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Mixed feelings about budget

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May 20, 2017

VFF president David Jochinke said he was pleased to see the Federal Government extend the scheme that allows small business owners to instantly write off assets worth up to $20 000.

The VFF has reacted to last week’s federal budget with both praise and disappointment, with Federal Treasurer Scott Morrison receiving mixed reviews.

VFF president David Jochinke said he was pleased to see the Federal Government extend the scheme that allows small business owners to instantly write off assets worth up to $20000 for companies turning over less than $10million, but was unhappy there wasn’t more funding for rural telecommunications.

‘‘The government’s accelerated depreciation scheme is helping to secure the future of agriculture because when farmers invest in upgrading their businesses, entire communities benefit,’’ Mr Jochinke said.

‘‘We’ve been given one more year of the scheme, but what we really need is for it to be extended in perpetuity to ensure real benefits for rural business.’’

The federal budget was awash with investments in rural infrastructure, with $8.4billion for the Melbourne to Brisbane Inland Rail Link and $20.2million for the Murray Basin Rail Project, with a further $461.2million earmarked for future Victorian Government projects.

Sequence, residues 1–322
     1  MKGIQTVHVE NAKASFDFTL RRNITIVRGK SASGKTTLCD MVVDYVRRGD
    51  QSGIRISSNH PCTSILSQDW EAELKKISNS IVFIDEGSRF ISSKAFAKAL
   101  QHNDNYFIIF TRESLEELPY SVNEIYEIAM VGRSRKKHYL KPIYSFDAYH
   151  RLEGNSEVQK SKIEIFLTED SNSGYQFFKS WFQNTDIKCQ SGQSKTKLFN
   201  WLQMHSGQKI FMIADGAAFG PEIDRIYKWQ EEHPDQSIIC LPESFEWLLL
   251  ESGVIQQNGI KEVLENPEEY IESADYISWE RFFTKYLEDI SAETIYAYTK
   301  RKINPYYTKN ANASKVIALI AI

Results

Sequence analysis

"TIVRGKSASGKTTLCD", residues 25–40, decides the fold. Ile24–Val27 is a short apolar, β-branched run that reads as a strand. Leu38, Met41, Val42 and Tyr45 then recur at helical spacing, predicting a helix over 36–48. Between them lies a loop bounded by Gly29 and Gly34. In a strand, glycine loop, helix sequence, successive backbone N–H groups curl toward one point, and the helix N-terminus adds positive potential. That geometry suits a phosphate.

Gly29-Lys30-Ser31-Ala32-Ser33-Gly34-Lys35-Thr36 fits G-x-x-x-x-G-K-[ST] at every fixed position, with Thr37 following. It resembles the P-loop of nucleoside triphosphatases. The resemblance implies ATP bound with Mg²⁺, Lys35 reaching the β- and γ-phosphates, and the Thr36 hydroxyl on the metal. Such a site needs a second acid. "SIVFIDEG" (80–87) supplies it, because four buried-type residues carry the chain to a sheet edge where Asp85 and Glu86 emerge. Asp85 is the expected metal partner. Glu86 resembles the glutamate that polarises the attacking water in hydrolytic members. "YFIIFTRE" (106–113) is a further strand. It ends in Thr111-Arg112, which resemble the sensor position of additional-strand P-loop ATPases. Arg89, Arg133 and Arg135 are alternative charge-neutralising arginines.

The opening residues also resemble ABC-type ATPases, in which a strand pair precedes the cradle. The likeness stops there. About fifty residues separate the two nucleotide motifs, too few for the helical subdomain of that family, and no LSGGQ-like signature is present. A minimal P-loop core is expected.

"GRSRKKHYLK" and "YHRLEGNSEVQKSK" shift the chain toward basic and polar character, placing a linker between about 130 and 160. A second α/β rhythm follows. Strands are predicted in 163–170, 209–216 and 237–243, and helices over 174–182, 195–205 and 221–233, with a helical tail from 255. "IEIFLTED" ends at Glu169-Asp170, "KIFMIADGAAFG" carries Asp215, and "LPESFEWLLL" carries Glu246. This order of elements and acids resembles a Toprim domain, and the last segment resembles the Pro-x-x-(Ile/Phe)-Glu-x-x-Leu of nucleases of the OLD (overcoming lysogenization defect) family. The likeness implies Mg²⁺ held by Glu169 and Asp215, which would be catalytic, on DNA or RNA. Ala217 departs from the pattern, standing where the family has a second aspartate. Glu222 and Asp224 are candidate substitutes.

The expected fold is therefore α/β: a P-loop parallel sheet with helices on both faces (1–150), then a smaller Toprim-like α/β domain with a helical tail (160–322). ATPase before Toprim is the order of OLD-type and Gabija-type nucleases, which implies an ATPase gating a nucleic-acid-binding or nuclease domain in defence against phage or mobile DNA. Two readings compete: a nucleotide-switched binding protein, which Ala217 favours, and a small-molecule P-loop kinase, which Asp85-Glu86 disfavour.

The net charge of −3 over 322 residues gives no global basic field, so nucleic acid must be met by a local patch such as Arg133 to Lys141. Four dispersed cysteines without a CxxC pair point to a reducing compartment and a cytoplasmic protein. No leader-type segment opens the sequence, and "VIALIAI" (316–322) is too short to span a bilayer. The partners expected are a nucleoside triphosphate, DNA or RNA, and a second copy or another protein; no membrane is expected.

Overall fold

Although Mr Jochinke said it was great to see the investment in rural infrastructure, he called on the state government to not leave rural Victoria out in the cold when it came to future funding.

‘‘Victoria has a long list of rural infrastructure projects which will improve our state’s agriculture opportunities and if there’s half a billion dollars sitting there looking for projects, the state government would do well to put more money into water and road initiatives,’’ he said.

The Mobile Black Spot Program failed to receive more funding from the budget, a fact Mr Jochinke said was disappointing and would see the VFF continue to lobby both federal and state governments for more funding.

‘‘Voice and data communications is an essential service that all Australians should be entitled to, but the telecommunications divide between cities and the regions is simply unacceptable,’’ he said.

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